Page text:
by Chand Prasad, Ph.D.
Agriculture accounts for close to 25% of global greenhouse gas emissions and 70 percent of all freshwater use. Agricultural related greenhouse gas emissions stem from the production of crops and animal products, as well as the conversion of forests, savannas, and peatlands to crop and pasture lands. The amount of land used for total agricultural production has grown at a rate of more than 10 million hectares per year since the 1960s. Agriculture employs roughly 2 billion of the planet’s people and uses about one-half of vegetated land i.e., land that is not covered by ice, water, or desert . Pastureland alone occupies 25% of the planet’s land mass, excluding Antarctica . Croplands and pasture lands have expanded at the expense of tropical forests. The environmental impacts of agriculture will intensify—in the coming decades, billions of people will join the global middle class and adopt meat-centered diets, exacerbating land degradation, water shortages, and adverse effects from climate change .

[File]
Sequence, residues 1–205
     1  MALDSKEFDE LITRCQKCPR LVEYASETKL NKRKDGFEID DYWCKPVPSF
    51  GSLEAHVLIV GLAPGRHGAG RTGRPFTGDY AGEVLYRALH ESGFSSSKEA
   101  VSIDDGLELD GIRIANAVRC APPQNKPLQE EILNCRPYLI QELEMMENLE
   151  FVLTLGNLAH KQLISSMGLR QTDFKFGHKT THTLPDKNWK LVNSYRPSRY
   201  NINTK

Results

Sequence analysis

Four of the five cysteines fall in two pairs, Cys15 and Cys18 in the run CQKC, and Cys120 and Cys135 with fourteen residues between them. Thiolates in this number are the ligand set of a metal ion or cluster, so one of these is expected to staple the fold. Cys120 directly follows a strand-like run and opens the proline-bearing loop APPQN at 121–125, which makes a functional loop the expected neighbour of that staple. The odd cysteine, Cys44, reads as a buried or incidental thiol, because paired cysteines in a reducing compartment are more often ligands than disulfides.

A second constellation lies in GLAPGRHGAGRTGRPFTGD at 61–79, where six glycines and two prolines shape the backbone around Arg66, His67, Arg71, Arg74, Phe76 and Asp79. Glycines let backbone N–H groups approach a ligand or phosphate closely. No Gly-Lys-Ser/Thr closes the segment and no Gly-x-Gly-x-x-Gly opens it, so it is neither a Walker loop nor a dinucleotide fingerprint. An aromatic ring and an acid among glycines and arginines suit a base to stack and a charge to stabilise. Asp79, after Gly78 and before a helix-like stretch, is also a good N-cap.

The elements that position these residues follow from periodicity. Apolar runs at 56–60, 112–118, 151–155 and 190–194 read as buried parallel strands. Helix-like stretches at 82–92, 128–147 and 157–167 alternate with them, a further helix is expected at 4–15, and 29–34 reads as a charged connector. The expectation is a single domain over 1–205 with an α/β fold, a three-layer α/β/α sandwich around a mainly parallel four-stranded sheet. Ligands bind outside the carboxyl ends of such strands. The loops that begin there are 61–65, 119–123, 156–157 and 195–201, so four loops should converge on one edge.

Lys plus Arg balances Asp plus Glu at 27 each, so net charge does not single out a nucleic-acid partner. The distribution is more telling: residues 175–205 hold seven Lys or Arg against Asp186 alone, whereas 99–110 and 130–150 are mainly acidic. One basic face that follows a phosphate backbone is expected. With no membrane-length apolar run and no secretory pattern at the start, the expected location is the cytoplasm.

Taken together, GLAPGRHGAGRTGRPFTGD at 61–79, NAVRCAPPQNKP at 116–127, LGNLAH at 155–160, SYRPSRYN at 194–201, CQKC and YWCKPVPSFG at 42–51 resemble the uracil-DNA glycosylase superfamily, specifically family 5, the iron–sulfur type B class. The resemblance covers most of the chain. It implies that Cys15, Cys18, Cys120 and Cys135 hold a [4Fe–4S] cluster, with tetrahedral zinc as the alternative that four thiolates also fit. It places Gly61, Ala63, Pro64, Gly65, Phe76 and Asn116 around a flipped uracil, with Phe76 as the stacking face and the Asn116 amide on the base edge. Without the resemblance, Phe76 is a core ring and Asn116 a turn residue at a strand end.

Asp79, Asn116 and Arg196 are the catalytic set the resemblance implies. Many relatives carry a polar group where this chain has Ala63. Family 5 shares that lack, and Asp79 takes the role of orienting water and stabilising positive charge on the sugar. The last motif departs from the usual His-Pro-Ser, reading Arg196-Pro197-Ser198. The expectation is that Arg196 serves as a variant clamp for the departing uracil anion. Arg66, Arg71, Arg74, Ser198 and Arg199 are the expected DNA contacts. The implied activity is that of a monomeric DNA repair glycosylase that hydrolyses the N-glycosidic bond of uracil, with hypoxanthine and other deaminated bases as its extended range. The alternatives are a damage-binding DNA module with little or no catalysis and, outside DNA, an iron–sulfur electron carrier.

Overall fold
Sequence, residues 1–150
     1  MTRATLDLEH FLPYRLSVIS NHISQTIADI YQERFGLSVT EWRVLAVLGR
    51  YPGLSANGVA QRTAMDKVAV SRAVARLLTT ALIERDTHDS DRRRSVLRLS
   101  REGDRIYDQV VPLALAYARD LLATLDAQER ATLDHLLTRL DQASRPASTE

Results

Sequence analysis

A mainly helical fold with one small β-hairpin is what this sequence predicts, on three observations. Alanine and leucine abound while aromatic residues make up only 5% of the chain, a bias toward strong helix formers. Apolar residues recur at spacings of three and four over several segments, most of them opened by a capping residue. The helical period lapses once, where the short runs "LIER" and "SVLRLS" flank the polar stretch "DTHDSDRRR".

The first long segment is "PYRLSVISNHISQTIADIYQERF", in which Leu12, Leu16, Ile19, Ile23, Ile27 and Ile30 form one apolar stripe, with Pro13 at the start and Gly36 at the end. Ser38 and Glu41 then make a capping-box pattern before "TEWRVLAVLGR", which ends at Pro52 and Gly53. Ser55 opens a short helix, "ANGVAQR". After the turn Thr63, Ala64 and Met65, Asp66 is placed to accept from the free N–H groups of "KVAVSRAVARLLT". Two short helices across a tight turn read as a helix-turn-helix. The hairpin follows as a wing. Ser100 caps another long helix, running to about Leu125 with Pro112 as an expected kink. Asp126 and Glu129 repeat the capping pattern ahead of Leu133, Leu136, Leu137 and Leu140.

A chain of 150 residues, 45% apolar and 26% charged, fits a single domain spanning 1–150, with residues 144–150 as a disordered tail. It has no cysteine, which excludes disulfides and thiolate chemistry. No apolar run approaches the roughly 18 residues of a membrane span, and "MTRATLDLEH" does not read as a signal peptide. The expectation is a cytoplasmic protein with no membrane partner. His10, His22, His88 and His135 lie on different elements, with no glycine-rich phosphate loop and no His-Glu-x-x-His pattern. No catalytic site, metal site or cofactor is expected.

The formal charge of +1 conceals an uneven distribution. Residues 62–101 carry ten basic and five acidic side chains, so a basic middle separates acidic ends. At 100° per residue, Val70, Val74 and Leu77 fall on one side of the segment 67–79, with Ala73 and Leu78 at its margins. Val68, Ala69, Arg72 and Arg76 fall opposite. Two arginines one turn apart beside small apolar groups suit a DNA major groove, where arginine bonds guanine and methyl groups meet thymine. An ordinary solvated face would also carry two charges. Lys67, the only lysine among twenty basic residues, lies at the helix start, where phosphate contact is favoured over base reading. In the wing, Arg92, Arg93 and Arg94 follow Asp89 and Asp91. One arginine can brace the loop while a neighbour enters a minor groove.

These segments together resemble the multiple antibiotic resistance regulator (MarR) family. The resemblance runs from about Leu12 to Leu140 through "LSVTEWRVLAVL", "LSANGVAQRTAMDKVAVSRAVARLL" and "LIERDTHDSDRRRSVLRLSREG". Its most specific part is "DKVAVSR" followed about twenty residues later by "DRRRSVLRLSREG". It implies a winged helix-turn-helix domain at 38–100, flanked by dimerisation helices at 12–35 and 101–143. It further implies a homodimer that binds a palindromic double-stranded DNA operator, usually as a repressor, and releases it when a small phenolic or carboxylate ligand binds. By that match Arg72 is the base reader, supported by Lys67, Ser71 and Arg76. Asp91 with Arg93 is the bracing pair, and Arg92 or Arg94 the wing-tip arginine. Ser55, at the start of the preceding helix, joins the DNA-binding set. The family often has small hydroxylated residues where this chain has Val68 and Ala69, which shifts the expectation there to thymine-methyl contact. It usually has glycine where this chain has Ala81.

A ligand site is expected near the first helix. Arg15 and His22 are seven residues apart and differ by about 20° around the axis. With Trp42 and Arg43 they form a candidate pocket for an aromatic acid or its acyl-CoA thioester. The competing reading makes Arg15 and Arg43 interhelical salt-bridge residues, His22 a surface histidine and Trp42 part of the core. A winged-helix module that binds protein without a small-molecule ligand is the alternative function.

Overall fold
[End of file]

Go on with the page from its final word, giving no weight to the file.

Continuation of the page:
The impacts of global warming are already apparent. Greenland lost about 2 billion tons of ice in one day (June 13th, 2019). Ice losses of this magnitude are part of a recent pattern. This extreme melting did not occur prior to the late 1990s. Since then, however, Greenland experienced a a sequence of large melt seasons—2007, 2010, and 2012—that would have been unprecedented earlier in the record. Barring any offsetting factors, if these periodic extreme melts become a regular occurrence, then this new normal would significantly contribute to rising global sea levels .